The renovated galleries were a revelation! There had been no expectations set for these renovated spaces. Not only have the spaces been renovated respectfully, but they’ve been opened to each other to provide more easy access through and around the collections. The formerly closed central stair is now an open hub from which everything is accessible and visible, making the whole series of spaces more comprehensible.

Without exhaustively describing each space — the new museum feels huge! — it’s sufficient to say that this expanded and enhanced facility will serve Louisville admirably. It’s uniquely configured and equipped to address not only our desire to get up and personal with works of visual art, but also provides accommodation for film and live arts of all sorts.

To the architecture community, the Speed will be worthy of note, but probably more as a highlight in wHY’s career trajectory than a landmark in museum design. It doesn’t boast the daring subterranean moves of Kansas City’s Nelson-Atkins or have the neighborhood-making impact of New York’s new Whitney.Museum of American Art. It’s neither technologically fetishistic in the way that Renzo Piano’s best museums are, difficult and strange like Los Angeles’ new Broad Museum, nor does it stake out new territory for exhibition. In fact, the spaces in the new construction feel very similar in character and tone to Cincinnati’s Contemporary Arts Center, opened in 2003.

The overall forms of the building are not original in architecture culture, but they are still striking in the Louisville context. I’ve seen other architecture-minded people remark that the off-center/stacked-box strategy has trended and passed its peak. Fair enough. What the boxes do for the Speed, though, is offer a shifting profile as you move around the building’s exterior. Sometimes the addition seems deferential to the formal gravitas of the elder Loomis building, while from other angles it looms large.

The richness of the Speed’s design is in how these clean boxes were resolved in real materials and with reference to the Loomis building. Some of the most expressive and impressive elements of the new construction have now been concealed: the muscular structure that allows the upper boxes to appear to float so lightly and extend so far over those below. What we see now — the concrete; the striated metal which alternately gives the upper walls a shimmering or brooding appearance, depending on the light; the huge expanses of speckled glass; and the rich yet crisp detailing of every aspect of the interior elements — all work together in communicating the permanence, seriousness, and openness of this institution.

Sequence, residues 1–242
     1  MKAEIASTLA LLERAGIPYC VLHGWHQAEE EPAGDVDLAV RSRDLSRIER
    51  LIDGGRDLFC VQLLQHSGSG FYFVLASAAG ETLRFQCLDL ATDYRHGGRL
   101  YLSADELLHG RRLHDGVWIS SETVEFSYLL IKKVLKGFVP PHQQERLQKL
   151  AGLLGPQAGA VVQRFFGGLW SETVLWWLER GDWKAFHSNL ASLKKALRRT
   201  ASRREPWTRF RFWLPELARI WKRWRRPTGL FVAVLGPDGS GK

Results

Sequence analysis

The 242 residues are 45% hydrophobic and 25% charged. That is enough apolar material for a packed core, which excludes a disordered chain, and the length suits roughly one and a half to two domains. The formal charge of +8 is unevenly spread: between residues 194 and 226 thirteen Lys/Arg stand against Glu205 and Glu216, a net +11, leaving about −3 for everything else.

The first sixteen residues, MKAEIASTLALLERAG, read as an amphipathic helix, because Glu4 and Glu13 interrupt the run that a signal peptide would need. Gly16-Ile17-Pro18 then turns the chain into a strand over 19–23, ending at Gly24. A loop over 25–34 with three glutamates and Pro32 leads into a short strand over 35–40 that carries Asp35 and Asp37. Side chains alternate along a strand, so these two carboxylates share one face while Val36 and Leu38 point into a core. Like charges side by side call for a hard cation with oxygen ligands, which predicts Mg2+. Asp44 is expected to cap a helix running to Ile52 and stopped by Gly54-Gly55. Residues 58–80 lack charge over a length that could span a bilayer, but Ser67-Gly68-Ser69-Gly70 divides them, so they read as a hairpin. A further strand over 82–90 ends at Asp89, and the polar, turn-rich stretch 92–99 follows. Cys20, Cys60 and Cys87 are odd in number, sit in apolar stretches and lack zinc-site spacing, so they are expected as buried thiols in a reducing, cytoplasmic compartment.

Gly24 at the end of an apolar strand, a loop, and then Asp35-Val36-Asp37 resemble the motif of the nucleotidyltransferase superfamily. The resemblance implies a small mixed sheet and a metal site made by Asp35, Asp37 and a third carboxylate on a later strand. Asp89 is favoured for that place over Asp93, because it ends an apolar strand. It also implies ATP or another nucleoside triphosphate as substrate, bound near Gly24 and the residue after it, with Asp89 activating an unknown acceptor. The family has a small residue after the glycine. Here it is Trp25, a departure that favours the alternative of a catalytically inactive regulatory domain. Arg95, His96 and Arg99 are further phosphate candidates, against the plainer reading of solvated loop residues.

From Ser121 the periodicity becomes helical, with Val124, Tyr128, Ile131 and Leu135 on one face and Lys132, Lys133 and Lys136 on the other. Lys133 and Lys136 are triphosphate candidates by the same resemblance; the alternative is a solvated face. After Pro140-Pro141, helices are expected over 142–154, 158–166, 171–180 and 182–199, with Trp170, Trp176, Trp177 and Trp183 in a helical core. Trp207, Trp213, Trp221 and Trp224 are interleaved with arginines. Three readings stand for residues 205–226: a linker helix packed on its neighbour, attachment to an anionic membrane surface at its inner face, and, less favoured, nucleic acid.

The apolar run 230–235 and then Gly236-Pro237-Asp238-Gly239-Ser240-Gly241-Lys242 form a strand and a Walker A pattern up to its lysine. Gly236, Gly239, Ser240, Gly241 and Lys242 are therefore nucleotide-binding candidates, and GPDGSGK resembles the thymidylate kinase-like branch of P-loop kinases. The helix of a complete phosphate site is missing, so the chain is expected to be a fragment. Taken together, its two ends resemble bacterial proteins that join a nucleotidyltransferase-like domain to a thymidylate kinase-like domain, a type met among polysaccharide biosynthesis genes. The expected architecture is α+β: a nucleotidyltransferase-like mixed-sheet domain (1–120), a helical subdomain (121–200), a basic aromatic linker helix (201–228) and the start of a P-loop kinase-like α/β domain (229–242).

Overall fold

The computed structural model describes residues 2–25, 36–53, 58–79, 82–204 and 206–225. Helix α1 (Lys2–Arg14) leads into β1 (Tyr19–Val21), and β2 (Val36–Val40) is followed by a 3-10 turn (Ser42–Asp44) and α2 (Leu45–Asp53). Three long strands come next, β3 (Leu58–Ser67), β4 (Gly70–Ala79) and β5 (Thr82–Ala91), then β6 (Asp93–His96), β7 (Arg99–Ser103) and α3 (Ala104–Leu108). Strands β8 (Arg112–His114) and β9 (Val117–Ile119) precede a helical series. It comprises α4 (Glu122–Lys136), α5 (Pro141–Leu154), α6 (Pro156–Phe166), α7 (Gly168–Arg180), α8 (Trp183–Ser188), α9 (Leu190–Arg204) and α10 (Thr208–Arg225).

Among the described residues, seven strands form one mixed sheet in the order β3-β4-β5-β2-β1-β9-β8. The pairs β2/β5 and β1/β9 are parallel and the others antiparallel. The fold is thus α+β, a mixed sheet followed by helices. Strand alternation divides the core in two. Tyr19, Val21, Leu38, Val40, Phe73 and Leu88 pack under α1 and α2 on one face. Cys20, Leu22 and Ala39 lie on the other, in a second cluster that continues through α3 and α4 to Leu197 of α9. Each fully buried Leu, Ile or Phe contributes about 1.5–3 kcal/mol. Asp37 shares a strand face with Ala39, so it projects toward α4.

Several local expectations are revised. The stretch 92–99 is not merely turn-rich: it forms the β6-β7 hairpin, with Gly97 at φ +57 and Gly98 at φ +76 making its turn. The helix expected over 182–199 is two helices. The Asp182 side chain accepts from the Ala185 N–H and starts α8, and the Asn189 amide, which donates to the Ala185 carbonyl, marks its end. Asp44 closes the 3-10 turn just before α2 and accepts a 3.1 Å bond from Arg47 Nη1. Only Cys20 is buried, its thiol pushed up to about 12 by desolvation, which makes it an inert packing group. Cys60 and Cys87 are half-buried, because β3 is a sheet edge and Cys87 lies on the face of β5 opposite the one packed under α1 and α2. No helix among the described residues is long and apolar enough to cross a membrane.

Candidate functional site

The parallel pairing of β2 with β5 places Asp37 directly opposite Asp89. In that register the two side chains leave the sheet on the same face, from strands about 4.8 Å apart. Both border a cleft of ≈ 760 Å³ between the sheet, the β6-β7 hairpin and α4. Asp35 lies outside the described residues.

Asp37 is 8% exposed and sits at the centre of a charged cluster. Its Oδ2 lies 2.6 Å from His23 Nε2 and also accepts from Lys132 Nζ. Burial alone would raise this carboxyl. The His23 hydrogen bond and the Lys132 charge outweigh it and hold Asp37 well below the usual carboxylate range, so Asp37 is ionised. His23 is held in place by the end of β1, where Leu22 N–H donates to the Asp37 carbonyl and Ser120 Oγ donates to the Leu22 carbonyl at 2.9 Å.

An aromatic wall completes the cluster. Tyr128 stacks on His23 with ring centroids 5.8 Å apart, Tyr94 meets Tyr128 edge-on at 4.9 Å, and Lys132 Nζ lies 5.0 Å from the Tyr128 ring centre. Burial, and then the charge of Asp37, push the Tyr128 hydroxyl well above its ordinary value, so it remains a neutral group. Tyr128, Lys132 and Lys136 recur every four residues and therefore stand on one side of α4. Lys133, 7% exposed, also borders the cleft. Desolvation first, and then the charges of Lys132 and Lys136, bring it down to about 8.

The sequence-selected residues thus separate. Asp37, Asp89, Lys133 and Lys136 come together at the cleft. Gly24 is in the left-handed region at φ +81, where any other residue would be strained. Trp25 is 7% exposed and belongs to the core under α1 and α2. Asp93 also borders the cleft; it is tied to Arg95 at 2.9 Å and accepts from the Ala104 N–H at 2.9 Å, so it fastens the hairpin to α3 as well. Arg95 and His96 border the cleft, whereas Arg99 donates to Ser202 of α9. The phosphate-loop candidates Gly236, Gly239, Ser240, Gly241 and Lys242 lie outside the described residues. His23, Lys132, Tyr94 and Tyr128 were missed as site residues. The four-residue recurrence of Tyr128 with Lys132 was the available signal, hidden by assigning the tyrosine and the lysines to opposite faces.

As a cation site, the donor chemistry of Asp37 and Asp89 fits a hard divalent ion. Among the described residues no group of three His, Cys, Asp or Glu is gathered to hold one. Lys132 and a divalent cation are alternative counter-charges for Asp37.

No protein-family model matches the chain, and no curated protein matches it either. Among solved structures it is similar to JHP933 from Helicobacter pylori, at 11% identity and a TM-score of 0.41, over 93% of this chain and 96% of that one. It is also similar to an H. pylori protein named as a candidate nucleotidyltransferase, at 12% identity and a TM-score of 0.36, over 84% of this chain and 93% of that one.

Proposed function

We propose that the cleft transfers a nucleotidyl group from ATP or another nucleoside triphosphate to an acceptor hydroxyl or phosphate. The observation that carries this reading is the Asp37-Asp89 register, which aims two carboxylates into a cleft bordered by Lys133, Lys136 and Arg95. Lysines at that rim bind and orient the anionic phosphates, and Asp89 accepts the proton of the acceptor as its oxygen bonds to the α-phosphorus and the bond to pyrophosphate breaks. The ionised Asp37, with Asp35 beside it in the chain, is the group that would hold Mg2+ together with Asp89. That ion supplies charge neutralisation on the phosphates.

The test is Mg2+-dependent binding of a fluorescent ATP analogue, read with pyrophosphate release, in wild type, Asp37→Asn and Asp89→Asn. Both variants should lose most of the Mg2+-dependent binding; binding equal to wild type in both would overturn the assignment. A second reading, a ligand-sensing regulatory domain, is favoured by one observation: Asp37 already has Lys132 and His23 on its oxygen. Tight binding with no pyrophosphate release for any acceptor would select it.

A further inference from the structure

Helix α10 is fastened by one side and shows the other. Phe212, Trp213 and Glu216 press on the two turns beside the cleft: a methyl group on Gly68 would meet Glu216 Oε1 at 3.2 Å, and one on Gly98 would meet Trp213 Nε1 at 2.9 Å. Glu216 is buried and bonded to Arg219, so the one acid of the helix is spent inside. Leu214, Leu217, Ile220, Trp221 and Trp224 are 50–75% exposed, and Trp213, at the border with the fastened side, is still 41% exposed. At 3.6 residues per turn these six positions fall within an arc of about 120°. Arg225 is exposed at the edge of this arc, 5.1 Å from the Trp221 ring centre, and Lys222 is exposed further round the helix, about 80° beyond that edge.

Is the new Speed the best museum that could have been built for Louisville? After all, if it had been all new construction, built in a different place, configured to enhance the cityscape in a meaningful urban way, it would have been a different museum. The institution elected to stay in place.

While it was never in question that the Loomis building would be kept, this strategic reinvention of the historic Speed structure illustrates clearly how Louisville might treat others of its legacy structures (instead of tearing them down). The historic structure informed every decision for the addition and — even though it feels smaller than its upstart neighbor — it shines through. At some points glimpses of the old limestone are framed in such a way that it feels like part of the collection, while at others the warmth of Loomis’ beautifully-proportioned galleries remind you that the 1927 building is the heart and soul of the Speed. The whole complex is richer because of the designers having engaged in this multi-layered dialogue between old and new.

Given the many challenges with which the architects were faced, Louisville may have gotten better than we could possibly expect. The new Speed is a new piece of architecture that shows skillful negotiation of the compromises inherent in the institution’s original goals about how it should be renewed and how it should live in the city. It’s defined by its constraints: our automobile-centric culture, the inextricable engagement of new and old structures, attempts to be respectful within its university and neighborhood context and the sprawling variety of programming the Speed intends to offer. As an illustration of designers operating within a skein of conflicting pressures, the Speed is a trophy appropriately emblematic of Louisville architecture. •